Monday, September 14, 2009

Featured Research by Norine Dobiesz

Dobiesz, N.E. and Lester, N.P. 2009. Changes in mid-summer water temperature and clarity across the Great Lakes between 1968 and 2002. Journal of Great Lakes Research 35:371-384.

Norine Dobiesz and her colleague examined data from more than 15,000 sites across Lakes Huron, Erie, and Ontario and documented significant changes in water temperature and clarity between 1968 and 2002. Surface water temperature in August rose by 2.9°C in Lake Huron and 1.6°C in Lake Ontario, and water clarity increased in all three lakes by 2 to 3 meters. Norine identified three important contributors to these changes: 1) warmer climate, 2) reduced phosphorus loading, and 3) invasion by zebra and quagga mussels. These changes have the potential to alter lake mixing and may inhibit nutrient and oxygen exchange, modify photosynthesis rates that drive the lakes’ food webs, and change fish distribution and growth.

Norine received a dual Ph.D. in Fisheries and Wildlife and Ecology, Evolutionary Biology, and Behavior from Michigan State University in 2003. She is currently a Research Associate with the Large Lakes Observatory at the University of Minnesota Duluth where her work focuses on identifying metrics of ecosystem health for global large lakes.

Featured Professional: Carol Stepien

Carol Stepien is the Director of the Lake Erie Research Center and Professor of Environmental Studies at the University of Toledo. Carol spent much of her childhood collecting salamanders and trilobite fossils in her hometown of Cleveland, Ohio, and there formed a lasting passion for aquatic ecology and evolution. She pursued her interests in marine biology by doing graduate and postdoctoral work in California, before returning to the Great Lakes region.

As director of the Lake Erie Center, Carol's goal is to build a think-tank for applied environmental research with the ultimate goal of improving environmental and public health in the Great Lakes region. Her busy lab at the university focuses on the conservation genetics of native fishes and the invasion genetics of dreissenid mussels, gobies, and ruffe. Carol enjoys mentoring her students, all of whom are outstanding, and is currently looking for new Ph.D. student applicants. Projects on the horizon include field trips to the Baltic Sea to work on Great Lakes invaders in their native range and to Australia to work on kelpfishes.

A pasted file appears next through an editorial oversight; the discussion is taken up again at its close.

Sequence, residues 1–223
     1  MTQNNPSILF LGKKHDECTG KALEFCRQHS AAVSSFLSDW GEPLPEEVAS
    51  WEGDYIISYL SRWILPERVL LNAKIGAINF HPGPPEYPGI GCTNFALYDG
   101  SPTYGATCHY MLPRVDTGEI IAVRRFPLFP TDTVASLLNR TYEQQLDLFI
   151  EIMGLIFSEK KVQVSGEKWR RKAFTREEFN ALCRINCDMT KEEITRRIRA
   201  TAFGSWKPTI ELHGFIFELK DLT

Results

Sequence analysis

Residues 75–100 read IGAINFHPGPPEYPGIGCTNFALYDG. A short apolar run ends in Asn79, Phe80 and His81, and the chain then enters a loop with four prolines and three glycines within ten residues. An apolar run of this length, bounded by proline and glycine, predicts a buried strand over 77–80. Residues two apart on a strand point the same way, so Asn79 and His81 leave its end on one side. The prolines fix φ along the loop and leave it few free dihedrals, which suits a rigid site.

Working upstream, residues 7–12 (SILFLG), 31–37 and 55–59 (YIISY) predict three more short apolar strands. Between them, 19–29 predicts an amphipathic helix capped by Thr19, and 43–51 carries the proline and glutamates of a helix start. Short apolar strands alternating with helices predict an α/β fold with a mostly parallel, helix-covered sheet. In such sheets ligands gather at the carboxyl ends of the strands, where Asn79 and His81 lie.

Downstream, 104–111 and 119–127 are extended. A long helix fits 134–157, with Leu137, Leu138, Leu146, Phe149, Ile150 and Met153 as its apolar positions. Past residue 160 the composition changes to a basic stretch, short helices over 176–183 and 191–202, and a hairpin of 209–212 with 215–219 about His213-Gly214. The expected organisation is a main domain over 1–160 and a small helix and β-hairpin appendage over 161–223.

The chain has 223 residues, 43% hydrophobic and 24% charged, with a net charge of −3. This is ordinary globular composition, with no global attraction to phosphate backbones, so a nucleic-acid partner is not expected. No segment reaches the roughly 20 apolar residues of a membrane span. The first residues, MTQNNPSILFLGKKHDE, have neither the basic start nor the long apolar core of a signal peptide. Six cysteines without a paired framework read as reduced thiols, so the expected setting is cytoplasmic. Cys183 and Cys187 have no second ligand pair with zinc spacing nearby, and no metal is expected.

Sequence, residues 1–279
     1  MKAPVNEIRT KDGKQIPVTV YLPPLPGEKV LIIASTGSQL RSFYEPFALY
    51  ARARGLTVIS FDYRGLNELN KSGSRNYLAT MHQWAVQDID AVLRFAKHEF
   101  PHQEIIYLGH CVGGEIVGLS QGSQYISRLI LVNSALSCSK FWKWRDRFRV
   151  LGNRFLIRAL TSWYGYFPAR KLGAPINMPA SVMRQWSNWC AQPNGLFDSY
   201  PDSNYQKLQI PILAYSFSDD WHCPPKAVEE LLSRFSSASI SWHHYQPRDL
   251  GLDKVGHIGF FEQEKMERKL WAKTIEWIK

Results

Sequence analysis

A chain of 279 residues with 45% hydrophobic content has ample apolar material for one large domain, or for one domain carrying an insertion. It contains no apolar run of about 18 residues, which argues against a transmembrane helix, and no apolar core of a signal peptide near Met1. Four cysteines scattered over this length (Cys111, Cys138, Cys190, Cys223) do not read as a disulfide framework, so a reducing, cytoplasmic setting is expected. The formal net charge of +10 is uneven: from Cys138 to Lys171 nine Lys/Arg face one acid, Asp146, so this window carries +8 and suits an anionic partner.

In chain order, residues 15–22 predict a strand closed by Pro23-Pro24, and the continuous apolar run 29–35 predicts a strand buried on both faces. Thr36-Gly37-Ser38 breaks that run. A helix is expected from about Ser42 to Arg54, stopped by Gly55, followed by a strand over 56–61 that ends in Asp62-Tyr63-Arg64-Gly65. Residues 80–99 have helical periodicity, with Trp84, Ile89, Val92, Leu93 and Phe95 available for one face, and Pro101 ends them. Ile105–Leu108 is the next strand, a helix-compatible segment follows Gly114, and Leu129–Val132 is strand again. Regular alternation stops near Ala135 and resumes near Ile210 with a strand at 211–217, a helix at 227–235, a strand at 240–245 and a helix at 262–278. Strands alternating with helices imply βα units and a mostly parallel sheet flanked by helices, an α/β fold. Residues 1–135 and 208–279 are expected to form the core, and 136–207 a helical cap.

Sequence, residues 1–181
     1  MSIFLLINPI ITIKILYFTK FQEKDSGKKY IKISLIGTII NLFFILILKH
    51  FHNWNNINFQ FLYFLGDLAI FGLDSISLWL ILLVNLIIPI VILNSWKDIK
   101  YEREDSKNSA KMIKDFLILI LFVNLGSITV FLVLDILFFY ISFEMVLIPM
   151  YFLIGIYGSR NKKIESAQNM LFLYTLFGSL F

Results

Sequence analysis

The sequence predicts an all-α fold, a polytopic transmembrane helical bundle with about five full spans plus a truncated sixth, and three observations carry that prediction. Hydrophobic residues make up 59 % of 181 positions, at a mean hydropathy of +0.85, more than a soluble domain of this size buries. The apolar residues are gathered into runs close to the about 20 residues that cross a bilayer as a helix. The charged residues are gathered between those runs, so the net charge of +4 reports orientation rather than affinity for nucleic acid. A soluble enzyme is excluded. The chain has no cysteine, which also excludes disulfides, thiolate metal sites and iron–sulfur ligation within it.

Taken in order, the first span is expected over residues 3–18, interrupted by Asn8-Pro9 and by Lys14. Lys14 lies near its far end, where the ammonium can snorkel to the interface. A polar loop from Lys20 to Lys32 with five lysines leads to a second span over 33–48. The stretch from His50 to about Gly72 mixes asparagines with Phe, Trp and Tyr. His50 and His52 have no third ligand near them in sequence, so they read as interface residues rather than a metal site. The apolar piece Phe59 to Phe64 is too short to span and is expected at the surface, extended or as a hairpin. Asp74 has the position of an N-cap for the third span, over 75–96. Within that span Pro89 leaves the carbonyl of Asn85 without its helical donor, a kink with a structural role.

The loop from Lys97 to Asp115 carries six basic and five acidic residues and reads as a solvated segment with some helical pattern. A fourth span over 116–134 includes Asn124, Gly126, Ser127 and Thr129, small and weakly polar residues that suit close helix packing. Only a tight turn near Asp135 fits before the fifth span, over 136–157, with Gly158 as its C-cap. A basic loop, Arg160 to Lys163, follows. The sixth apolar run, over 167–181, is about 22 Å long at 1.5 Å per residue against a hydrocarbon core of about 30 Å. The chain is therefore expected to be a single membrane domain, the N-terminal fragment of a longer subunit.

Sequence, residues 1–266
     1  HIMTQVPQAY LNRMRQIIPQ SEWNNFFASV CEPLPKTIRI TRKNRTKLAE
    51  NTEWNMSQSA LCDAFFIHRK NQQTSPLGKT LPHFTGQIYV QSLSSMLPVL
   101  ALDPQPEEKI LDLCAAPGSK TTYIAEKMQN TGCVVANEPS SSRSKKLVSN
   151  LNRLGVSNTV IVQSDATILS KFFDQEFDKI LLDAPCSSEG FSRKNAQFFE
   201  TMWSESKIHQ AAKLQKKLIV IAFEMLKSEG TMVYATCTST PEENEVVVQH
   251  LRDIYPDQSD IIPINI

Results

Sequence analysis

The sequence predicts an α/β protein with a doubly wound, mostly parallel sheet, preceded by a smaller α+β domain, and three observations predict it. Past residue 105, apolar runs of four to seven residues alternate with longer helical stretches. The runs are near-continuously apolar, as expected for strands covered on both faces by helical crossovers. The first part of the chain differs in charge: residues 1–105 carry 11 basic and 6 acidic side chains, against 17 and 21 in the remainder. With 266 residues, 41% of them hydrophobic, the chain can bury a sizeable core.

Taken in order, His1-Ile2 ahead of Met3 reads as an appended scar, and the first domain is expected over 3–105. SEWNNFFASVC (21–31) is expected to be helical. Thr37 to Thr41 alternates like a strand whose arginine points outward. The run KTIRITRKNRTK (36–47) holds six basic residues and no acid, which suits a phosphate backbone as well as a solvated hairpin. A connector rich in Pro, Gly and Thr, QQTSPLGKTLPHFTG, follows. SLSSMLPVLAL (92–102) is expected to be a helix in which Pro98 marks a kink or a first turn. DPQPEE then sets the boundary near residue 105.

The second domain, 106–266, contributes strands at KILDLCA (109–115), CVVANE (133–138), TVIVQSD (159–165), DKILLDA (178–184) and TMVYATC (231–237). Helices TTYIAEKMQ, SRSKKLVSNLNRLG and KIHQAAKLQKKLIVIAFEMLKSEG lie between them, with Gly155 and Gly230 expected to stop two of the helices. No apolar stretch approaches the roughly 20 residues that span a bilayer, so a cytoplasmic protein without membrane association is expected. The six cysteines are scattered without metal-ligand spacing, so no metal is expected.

In addition to research, Carol is actively involved in outreach and high school education activities. Carol is the mother of Andrew and Anna, and her hobbies are SCUBA diving (she has logged over 1000 research dives), underwater photography, bicycling, and snow-skiing.

Featured Student or Postdoc: Nicola Lower

Nicola Lower is a post-doc at the University of Guelph, where she is carrying out research on the sea lamprey. Nicola is from England but came to Canada in 2007 on a Canadian Commonwealth Fellowship Program. After completing a BSc at the University of Nottingham and an MSc in Natural Resource Management at the University of Leicester, Nicola started work for the UK Government Agency CEFAS (The Centre for Environment, Fisheries and Aquaculture Science). Nicola was a researcher and project manager in the Salmon and Freshwater Fisheries Team and was involved in a number of projects investigating the factors affecting freshwater fisheries in England and Wales. During this time she completed a part-time PhD (University of Portsmouth) on the impacts of environmental contaminants on different life cycle stages of the Atlantic salmon.

Nicola’s research on sea lampreys focuses on their use of daytime refuge sites during the upstream spawning migration. This cryptic behaviour is largely uncharacterized. Knowledge of this behaviour could help improve the effectiveness of control techniques, such as portable trapping, throughout the Great Lakes. Nicola is enjoying her time in Canada, particularly fieldwork in some of the streams of Lake Ontario.